Monday 21 May 2018

Countdown to election? Taoiseach tells his TDs to ramp up attacks on Fianna Fáil

  • Taoiseach says promises being made by Opposition party need to “called out”
  • Marks a new low in relations between Fine Gael and Fianna Fáil
Minister Leo Varadkar arriving at Trinity College Dublin. Photo: Mark Condren
Minister Leo Varadkar arriving at Trinity College Dublin. Photo: Mark Condren

Kevin Doyle Group Political Editor

FINE Gael TDs have been told to ramp up attacks on Fianna Fáil even though such a move is likely to move the country closer to a general election.

Taoiseach Leo Varadkar has told a private party meeting last night that promises being made by Opposition party need to “called out”.

It marks a new low in relations between Fine Gael and Fianna Fáil amid speculation as to whether the two parties can renegotiate the ‘confidence and supply’ arrangement later this year.

Sources say Mr Varadkar warned that Fianna Fáil are “promising everything to everyone in the county at present”.

Fianna Fail leader Micheal Martin (Brian Lawless/PA)
Fianna Fail leader Micheal Martin (Brian Lawless/PA)

The Taoiseach said he has kept a list of all Fianna Fáil's demands, saying education requests in the past fortnight alone would have cost €250m. He said their demands for a package to help farmers affected by the fodder crisis would have cost €200m.

TDs and senators were told that Micheál Martin would ultimately either renege on such promises or “actually bankrupt the country again”.

Relations between the two largest parties in the Dáil have been deteriorating for some weeks.

Fine Gael are particularly annoyed at Mr Martin for criticising the Government’s approach to the ongoing Brexit negotiations.

A speech he made at a 1916 Commemoration event in Arbour Hill last weekend “was the final straw” for some TDs.

In it, Mr Martin lashed out at Fine Gael for failing to fix the housing and health crises.

And he claimed there was “a growing intolerance within elements of government to idea that anyone has the right to challenge them or to question their strategy”.

The Fianna Fáil leader said Mr Varadkar’s team “have over-spun and under-delivered in nearly every policy”.

Fine Gael TDs have now been given the green light to stage a political fightback.

The party have generally been cautious about going too hard on Fianna Fáil as they need the main Opposition party to facilitate the passage of legislation through the Dáil.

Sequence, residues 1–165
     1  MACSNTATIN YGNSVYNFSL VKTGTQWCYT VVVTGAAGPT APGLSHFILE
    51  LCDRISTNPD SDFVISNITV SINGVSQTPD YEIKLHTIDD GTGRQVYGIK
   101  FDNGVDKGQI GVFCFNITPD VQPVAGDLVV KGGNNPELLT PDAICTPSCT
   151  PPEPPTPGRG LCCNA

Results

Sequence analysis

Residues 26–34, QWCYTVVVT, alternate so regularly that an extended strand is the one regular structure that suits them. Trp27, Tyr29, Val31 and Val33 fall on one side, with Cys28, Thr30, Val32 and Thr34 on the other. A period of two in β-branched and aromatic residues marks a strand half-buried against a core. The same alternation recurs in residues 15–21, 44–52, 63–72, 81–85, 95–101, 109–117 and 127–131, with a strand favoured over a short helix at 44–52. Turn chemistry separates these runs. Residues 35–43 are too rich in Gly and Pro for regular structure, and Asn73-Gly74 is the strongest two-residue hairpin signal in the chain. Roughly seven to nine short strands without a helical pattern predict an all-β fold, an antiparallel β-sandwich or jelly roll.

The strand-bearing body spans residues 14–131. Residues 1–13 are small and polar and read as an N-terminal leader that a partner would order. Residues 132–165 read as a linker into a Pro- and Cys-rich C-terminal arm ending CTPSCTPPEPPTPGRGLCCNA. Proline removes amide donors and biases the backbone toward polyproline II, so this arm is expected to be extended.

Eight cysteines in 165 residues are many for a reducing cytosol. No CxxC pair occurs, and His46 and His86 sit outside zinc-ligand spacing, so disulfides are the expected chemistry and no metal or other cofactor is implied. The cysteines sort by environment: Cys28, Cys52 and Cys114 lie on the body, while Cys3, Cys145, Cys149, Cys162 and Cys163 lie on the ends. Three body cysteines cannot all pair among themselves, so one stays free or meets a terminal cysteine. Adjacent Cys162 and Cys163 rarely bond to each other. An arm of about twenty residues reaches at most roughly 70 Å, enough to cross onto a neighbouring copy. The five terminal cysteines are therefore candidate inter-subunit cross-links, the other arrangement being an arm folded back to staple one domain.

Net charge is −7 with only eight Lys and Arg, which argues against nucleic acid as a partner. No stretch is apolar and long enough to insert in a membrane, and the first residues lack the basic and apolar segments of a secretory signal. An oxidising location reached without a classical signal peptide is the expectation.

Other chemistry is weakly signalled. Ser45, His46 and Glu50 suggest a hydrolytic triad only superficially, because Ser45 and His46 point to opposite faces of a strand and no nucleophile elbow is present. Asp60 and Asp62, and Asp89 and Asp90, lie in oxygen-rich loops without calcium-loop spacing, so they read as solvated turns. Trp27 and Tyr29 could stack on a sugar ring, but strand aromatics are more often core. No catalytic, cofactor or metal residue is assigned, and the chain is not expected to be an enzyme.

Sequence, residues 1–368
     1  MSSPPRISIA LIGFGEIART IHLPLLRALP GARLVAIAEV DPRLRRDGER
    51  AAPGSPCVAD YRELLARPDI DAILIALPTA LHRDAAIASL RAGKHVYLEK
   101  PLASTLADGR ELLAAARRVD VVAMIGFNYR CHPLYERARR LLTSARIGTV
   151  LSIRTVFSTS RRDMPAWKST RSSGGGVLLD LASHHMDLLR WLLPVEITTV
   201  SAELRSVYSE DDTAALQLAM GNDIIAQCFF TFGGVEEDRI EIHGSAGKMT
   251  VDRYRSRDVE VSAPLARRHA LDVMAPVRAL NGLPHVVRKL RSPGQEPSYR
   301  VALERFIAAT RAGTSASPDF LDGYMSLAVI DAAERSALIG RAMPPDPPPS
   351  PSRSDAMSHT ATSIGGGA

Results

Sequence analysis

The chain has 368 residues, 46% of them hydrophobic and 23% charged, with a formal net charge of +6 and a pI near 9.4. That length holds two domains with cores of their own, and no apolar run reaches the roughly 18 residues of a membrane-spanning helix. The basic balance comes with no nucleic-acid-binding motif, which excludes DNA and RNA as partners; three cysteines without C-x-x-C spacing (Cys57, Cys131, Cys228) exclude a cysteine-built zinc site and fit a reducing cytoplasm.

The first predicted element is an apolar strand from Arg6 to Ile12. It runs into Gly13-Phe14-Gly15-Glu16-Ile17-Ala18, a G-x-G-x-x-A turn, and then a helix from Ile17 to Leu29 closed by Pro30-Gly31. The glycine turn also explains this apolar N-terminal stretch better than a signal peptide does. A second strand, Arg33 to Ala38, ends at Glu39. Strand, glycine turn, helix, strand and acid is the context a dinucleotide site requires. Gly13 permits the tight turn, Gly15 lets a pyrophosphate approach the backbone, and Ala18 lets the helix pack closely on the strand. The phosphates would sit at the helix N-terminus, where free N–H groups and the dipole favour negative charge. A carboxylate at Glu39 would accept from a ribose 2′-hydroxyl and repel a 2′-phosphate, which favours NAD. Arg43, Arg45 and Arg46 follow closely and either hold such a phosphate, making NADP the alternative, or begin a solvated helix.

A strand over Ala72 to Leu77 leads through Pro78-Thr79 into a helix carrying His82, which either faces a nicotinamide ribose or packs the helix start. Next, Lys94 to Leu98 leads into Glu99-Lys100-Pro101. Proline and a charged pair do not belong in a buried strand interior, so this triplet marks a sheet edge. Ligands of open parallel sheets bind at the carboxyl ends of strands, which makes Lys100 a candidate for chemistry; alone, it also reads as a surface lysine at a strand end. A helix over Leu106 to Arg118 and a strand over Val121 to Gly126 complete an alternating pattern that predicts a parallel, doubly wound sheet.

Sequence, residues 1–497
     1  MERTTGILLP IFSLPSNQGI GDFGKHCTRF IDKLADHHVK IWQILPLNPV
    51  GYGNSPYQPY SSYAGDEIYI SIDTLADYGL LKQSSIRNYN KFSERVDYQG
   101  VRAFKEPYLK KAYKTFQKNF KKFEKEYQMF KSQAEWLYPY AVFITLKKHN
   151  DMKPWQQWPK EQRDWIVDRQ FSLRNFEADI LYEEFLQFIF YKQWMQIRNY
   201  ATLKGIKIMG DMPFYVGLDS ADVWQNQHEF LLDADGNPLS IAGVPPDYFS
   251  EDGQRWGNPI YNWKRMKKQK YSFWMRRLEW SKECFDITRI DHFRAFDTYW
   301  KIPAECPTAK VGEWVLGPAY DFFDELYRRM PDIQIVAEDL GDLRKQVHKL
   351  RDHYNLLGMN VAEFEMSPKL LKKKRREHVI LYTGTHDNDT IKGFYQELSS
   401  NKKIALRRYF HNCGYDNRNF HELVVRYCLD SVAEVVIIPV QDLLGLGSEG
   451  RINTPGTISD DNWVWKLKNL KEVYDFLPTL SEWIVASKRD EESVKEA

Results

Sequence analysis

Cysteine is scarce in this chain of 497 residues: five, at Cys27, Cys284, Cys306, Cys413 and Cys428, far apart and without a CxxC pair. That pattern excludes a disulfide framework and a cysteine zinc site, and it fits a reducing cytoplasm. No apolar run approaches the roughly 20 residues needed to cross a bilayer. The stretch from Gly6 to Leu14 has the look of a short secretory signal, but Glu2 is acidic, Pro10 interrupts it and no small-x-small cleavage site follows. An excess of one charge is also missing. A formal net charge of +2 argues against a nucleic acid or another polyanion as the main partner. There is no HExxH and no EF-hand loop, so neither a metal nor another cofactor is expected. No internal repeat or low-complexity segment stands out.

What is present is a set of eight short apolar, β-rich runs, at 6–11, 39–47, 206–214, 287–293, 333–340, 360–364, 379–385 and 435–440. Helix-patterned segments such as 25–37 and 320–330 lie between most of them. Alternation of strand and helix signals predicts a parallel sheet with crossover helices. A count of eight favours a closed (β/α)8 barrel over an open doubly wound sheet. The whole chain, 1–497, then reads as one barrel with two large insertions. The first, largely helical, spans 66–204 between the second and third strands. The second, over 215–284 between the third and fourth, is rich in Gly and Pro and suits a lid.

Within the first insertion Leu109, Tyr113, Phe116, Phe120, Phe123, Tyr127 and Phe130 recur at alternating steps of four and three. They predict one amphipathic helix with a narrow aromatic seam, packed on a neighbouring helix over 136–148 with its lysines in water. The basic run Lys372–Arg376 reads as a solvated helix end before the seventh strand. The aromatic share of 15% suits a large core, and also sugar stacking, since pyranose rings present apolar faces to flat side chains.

But the behind closed doors meeting reached a general consensus that Fianna Fáil are trying to claim credit for the good things happening in government and blame Fine Gael for all the bad things.

Finance Minister Paschal Donohoe and Social Protection Minister Regina Doherty were briefing the room on demands from Fianna Fáil for a pension scheme to be introduced for Community Employment supervisors and assistant supervisors when the Taoiseach launched a blistering attack on the party.

One source present said the Taoiseach message was the Fianna Fáil has “changed tact” and is “reverting to old style opposition politics”.

Afterwards a number of TDs privately discussed whether the country is moving towards an election faster than previously believed.

Mr Martin has committed to allowing a third Budget through the Dáil later this year but both sides are anticipating rows over how to use in the region of €3bn.

Earlier in the Dáil Mr Varadkar and Martin clashed over the Government’s priorities in education.

In response to questions from Fianna Fáil on school facilities, the Taoiseach said he hears their education spokesman “demanding more spending on new school buildings one day, the next day demanding full pay restoration or full pay equality for young teachers and the following day demanding an increase in capitation”.

He added: “I am keeping a record of all the promises his spokespersons are making as the weeks go by. Hundreds of millions in extra spending are being promised every week for every interest group and it is all being promised now.”

Mr Martin said: “We put our priorities into the confidence and supply agreement. The reduction in the pupil-teacher ratio would not have occurred if it had not been provided for in the confidence and supply agreement. Fine Gael resisted the reduction, just as it resisted the National Treatment Purchase Fund.”

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